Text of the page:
Rogers commended the university for its efforts to improve diversity and inclusion, but said there is hard work to be done, acknowledging the gap between the diversity of ECU's student body, faculty and staff compared to the region it serves.
"I want the broadest set of constituencies across Pirate Nation to engage in a collaborative and comprehensive effort in addressing issues of race, diversity, inclusion and social justice at ECU. We must continue to get comfortable with having the hard conversations that make us uncomfortable as we develop pathways to healing,"
Jon Gilbert, director of athletics speaks to members of the BOT during the Athletics and Advancement committee meeting Thursday, April 22. | Photo: Rhett Butler
Rogers said. "Together we can take a holistic approach as we seek to bring meaningful change to our campus."
He said he envisions a three-part process of completing a historical analysis of ECU, authentically assessing its current reality and setting a vision for the future.
"The naming conversation is one important part of this conversation and I hope we can expand the dialogue further to drive even more intentional outcomes,"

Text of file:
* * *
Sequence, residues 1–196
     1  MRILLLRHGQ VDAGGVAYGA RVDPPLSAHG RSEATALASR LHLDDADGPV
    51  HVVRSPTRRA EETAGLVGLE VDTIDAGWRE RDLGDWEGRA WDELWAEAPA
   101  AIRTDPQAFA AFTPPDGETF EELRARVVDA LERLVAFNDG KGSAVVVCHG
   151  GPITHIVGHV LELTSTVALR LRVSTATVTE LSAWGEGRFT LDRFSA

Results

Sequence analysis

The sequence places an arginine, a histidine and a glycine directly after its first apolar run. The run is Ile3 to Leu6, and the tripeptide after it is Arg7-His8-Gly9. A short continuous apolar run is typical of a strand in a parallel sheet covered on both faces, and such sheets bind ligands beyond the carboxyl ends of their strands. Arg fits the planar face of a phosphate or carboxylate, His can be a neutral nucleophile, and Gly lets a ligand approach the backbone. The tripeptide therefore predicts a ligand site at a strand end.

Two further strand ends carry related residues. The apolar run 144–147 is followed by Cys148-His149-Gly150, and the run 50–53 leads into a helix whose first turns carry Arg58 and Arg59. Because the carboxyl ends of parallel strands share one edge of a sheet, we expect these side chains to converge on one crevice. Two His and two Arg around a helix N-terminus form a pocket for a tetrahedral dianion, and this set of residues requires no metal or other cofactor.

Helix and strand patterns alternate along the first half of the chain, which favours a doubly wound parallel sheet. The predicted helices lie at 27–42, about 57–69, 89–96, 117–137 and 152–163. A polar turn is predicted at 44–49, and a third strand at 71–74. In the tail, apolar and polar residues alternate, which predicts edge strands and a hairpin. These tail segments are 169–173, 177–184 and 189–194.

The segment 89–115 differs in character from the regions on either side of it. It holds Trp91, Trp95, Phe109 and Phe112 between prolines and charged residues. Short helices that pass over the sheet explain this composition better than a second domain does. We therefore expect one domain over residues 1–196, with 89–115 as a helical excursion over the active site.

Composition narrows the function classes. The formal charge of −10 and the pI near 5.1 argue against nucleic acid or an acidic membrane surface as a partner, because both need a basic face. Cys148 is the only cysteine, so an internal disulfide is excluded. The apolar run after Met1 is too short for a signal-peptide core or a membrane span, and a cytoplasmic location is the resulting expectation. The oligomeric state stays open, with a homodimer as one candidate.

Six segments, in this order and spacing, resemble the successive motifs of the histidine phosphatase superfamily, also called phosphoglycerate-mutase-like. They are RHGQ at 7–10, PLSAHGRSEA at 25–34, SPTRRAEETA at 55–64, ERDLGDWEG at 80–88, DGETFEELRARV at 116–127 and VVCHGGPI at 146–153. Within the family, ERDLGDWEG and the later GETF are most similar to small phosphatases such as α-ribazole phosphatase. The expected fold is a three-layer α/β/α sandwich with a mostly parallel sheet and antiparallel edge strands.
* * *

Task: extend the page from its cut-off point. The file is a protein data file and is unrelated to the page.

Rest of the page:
During the board meeting, the board approved resolutions honoring outgoing board members Davenport, Max Ray Joyner Jr., Bob Plybon and ECU Student Government Association President Tucker Robbins, as well as Dr. Ron Mitchelson, former interim chancellor, who was presented with the Order of the Long Leaf Pine, the highest honor awarded by the governor of North Carolina.
"When this chapter of ECU's history is written, Dr. Mitchelson's tenure will be viewed most favorably,"
Davenport said. "Throughout his career at ECU he has always answered the call to serve our students, our faculty, our staff and our region."